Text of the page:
Inland Revenue focusing on purchase price allocations
Tax Alert - August 2018
By Virag SIngh and Vyshi Hariharan
We are aware of an increasing trend for Inland Revenue (IR) to challenge taxpayers’ allocations of purchase price when they enter into business asset sale transactions. IR’s chief concern appears to be that the values used by either the vendor or the purchaser do not reflect market values. This is something that everyone either buying or selling a business needs to be aware of, as it can have a material impact on the expected tax outcome of a business sale. The situations that IR are focussing on include:
- Scenario 1 - parties have agreed to a purchase price allocation in the sale documentation and adhere to this allocation for the purposes of preparing their respective tax returns;
- Scenario 2 - parties have agreed to a global price for the business / assets, no allocation is agreed to in the sale documentation, and the vendor and purchaser use different allocations for the purposes of preparing their respective tax returns; and
- Scenario 3 - despite the parties agreeing to an allocation in the sale documentation, either the vendor, purchaser or both do not adhere to this allocation for the purposes of preparing their respective tax return(s) and instead obtain different allocations and prepare their tax returns based on this. We expect this situation to be quite rare, in the absence of other information.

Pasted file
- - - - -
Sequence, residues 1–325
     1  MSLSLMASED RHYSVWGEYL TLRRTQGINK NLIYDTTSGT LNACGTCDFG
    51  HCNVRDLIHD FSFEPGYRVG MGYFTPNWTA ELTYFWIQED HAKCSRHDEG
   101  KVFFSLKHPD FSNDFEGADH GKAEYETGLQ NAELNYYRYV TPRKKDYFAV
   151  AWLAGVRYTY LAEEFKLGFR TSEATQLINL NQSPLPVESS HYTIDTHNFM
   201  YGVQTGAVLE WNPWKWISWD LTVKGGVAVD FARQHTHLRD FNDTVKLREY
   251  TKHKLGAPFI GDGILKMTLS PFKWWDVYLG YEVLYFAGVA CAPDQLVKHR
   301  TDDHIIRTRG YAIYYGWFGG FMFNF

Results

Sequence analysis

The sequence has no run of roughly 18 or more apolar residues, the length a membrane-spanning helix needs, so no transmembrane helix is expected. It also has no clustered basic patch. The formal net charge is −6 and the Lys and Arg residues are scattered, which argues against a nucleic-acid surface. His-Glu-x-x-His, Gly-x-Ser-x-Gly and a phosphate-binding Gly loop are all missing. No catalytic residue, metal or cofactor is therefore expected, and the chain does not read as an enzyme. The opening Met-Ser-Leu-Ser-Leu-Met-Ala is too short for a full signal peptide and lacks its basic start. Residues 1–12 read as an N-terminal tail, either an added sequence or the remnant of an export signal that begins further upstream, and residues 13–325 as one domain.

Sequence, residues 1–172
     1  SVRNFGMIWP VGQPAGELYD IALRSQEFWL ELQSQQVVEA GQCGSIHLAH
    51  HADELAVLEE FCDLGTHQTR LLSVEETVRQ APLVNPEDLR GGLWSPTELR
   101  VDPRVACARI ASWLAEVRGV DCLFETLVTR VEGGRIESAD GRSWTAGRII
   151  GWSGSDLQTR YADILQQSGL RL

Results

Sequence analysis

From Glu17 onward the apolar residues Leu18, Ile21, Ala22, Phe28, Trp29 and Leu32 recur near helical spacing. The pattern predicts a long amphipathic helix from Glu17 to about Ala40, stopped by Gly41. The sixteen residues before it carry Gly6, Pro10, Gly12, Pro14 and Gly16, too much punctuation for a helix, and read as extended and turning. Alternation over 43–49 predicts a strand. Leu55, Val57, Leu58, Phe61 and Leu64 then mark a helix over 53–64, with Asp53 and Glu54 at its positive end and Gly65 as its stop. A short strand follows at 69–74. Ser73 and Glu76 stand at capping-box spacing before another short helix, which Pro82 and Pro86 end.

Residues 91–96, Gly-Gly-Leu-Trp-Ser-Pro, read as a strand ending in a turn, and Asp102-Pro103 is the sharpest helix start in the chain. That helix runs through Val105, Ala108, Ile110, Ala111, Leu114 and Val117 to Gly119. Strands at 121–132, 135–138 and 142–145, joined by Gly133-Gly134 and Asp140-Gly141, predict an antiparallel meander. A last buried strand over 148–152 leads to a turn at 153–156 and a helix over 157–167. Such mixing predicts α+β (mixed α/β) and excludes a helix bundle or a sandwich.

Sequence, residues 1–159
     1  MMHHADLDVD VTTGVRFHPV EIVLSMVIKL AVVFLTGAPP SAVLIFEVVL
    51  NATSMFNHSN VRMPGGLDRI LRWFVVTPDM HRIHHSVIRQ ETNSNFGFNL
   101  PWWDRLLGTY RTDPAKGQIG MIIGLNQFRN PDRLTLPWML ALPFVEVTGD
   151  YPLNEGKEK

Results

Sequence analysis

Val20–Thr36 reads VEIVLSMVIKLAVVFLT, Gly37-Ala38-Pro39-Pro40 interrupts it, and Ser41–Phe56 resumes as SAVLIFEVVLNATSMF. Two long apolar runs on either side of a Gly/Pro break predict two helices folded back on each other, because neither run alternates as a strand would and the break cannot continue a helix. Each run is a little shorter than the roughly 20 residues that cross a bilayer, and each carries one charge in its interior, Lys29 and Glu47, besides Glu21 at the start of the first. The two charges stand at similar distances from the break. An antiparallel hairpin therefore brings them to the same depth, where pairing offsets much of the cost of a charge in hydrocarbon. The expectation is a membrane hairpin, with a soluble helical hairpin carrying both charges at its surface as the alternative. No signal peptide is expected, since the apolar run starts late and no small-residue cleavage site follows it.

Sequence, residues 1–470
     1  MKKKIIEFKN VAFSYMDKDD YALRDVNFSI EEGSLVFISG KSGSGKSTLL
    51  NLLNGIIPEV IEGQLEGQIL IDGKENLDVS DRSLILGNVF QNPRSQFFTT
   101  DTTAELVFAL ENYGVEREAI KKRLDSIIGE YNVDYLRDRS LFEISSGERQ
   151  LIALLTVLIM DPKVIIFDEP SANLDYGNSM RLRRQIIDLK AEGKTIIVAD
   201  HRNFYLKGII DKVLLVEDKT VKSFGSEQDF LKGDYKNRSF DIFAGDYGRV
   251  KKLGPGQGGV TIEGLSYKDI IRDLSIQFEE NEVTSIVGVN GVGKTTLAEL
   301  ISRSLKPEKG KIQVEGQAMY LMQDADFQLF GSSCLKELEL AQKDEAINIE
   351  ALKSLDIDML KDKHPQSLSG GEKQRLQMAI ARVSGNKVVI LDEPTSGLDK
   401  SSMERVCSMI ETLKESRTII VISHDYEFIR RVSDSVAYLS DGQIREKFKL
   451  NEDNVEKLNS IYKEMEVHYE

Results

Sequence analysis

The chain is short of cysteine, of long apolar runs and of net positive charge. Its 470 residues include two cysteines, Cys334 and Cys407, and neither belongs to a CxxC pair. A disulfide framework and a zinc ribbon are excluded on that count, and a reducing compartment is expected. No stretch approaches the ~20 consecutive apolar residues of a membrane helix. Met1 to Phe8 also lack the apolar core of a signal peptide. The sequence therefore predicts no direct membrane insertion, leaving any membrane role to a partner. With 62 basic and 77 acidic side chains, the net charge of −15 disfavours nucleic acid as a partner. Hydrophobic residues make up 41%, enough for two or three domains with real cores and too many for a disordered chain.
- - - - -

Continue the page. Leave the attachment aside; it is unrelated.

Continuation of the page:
We understand that IR’s key concern is that tax positions taken are not based on market values of the assets sold. In particular, they appear focussed on situations where there is asymmetry in the tax treatment between the respective parties; or where IR believes that the purchase price allocation has been struck to take into account specific tax attributes of the vendor / purchaser (eg where the price allocated to fixed assets is in excess of tax book value and the depreciation recovery is offset by existing tax losses of the vendor or the vendor is exempt from tax). IR have included a project on the tax policy work programme to consider these issues further.
Business asset sales can involve the sale of a range of items (including trading stock, depreciable tangible assets, buildings, land, intangible property, goodwill etc.). For tax purposes, there is a requirement that certain items (such as depreciable property, trading stock, revenue account property) are disposed (or deemed to be disposed) at their market values.
Market value is not a defined term under the Income Tax Act 2007 (the Act) for the above purposes. One view is that market value is not one number but rather a range and there are of course a number of valuation methodologies that can be applied. Under this approach, despite the existence of a market valuation for the asset, there are a number of other factors that could affect the final price at which an item is sold e.g. the nature of the asset and the circumstances of the buyer/seller.